The Human Consciousness Now...Our World in the Midst of Becoming...to What? Observe, contemplate Now.
CTBTO Executive Secretary Lassina Zerbo introducing the panel discussion on 'Citizen Networks: The Promise of Technological Innovation' at SnT2015 in Vienna, June 2015. Photo credit: CTBTO
- An international conference has highlighted advances made in detecting nuclear explosions,tracking storms or clouds of volcanic ash, locating epicentres of earthquakes, monitoring the drift of huge icebergs, observing the movements of marine mammals, and detecting plane crashes.
The five-day âScience and Technology 2015 Conferenceâ (SnT2015), which ended Jun. 26, was the fifth in a series of multi-disciplinary conferences organised by the Comprehensive Nuclear-Test-Ban Treaty Organization (CTBTO), which has been based in the Austrian capital since 1997.
The conference was attended by more than 1100 scientists and other experts, policy makers and representatives of national agencies, independent academic research institutions and civil society organisations from around the world.
SnT2015 drew attention to an important finding of CTBTO sensors: the meteor that exploded over Chelyabinsk, Russia, in 2013 was the largest to hit Earth in at least a century.
Participants also heard that the Air AlgÃ©rie flight between Burkina Faso and Algeria which crashed in Mali in July 2014 was detected by the CTBTOâs monitoring station in Cote dâIvoire, 960 kilometres from the impact of the aircraft.
The importance of SnT2015 lies in the fact that CTBTO is tasked with campaigning for the Comprehensive Nuclear-Test-Ban Treaty (CTBT), which outlaws nuclear explosions by everyone, everywhere: on the Earth’s surface, in the atmosphere, underwater and underground. It also aims to develop reliable tools to make sure that no nuclear explosion goes undetected.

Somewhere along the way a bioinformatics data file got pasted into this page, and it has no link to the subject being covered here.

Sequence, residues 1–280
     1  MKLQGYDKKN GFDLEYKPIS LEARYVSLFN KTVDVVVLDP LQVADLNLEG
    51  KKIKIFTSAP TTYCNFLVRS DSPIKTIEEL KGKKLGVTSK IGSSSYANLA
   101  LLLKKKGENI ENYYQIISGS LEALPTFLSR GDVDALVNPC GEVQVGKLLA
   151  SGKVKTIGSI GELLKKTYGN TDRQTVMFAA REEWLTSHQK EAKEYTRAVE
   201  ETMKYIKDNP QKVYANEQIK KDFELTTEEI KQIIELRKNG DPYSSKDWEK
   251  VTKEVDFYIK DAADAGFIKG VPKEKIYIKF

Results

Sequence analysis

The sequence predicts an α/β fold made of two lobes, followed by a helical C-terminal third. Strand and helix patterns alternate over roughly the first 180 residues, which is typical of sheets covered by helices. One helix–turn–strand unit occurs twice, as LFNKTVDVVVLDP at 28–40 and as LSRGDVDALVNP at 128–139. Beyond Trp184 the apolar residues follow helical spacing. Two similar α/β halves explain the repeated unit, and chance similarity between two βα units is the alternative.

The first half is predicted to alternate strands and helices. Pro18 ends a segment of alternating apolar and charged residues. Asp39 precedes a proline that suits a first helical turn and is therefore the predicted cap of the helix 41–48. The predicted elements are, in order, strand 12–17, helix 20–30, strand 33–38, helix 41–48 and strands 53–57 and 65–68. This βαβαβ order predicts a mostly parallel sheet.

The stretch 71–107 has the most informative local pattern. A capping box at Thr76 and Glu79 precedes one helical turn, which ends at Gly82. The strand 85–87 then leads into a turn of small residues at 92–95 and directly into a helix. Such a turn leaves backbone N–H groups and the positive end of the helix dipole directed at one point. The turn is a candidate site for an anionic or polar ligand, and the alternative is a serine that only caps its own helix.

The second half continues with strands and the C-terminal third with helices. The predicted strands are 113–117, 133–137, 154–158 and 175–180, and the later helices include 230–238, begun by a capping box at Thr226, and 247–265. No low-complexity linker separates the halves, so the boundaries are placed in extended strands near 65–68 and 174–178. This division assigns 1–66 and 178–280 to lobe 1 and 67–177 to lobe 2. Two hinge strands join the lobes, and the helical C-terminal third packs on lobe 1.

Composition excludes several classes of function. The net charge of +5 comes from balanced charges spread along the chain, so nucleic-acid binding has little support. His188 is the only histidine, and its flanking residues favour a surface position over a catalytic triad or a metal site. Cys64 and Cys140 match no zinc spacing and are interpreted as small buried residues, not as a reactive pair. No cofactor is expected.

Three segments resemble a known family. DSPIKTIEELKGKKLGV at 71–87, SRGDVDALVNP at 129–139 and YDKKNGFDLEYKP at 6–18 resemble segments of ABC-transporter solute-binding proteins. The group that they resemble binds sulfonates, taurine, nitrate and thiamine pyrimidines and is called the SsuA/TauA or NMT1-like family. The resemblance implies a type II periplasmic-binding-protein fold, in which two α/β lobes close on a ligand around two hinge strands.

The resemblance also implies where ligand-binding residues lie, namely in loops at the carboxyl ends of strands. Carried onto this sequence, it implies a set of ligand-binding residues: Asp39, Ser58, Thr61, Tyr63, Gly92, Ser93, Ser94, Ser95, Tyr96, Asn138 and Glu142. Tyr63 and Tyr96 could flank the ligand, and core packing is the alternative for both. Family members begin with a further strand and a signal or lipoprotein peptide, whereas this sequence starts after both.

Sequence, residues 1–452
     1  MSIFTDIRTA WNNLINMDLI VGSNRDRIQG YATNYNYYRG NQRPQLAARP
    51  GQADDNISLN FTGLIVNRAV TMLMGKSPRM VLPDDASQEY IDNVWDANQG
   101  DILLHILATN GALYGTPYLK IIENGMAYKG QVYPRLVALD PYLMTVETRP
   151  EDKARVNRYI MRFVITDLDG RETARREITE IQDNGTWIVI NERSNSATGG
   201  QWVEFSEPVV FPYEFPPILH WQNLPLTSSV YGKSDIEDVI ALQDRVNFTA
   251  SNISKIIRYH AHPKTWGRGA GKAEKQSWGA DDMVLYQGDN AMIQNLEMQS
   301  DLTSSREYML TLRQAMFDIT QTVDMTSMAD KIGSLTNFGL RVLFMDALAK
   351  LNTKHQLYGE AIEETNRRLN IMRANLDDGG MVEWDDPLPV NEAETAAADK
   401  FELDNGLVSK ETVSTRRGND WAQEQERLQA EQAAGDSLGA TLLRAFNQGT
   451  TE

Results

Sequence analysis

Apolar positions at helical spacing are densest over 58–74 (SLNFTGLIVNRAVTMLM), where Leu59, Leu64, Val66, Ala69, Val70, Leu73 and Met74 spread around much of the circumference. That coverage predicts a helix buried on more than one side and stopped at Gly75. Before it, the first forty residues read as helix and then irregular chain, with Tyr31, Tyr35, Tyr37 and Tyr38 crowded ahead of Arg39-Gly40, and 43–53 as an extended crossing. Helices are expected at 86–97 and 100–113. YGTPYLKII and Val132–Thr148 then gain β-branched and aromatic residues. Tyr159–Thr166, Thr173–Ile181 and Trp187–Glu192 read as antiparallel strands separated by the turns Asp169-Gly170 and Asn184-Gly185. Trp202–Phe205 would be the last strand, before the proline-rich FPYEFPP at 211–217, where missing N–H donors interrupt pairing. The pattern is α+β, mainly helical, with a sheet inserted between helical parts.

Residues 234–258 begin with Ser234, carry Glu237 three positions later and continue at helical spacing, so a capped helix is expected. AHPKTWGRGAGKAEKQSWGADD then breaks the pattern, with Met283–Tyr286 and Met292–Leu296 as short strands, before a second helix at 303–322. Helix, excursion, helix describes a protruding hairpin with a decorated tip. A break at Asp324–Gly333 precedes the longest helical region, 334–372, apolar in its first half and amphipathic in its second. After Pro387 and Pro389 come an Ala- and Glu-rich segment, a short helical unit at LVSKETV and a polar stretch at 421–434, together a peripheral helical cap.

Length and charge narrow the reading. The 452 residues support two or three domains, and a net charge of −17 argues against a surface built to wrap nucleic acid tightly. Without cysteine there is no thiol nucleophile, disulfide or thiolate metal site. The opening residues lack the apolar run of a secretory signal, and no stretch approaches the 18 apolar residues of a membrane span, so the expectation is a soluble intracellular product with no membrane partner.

These include seismic, hydro-acoustic, infrasound (frequencies too low to be heard by the human ear), and radionuclide sensors. Scientists and other experts demonstrated and explained in presentations and posters how the four state-of-the-art technologies work in practice.
170 seismic stations monitor shockwaves in the Earth, the vast majority of which are caused by earthquakes. But man-made explosions such as mine explosions or the announced North Korean nuclear tests in 2006, 2009 and 2013 have also been detected.
CTBTOâs 11 hydro-acoustic stations âlistenâ for sound waves in the oceans. Sound waves from explosions can travel extremely far underwater. Sixty infrasound stations on the Earthâs surface can detect ultra-low frequency sound waves that are emitted by large explosions.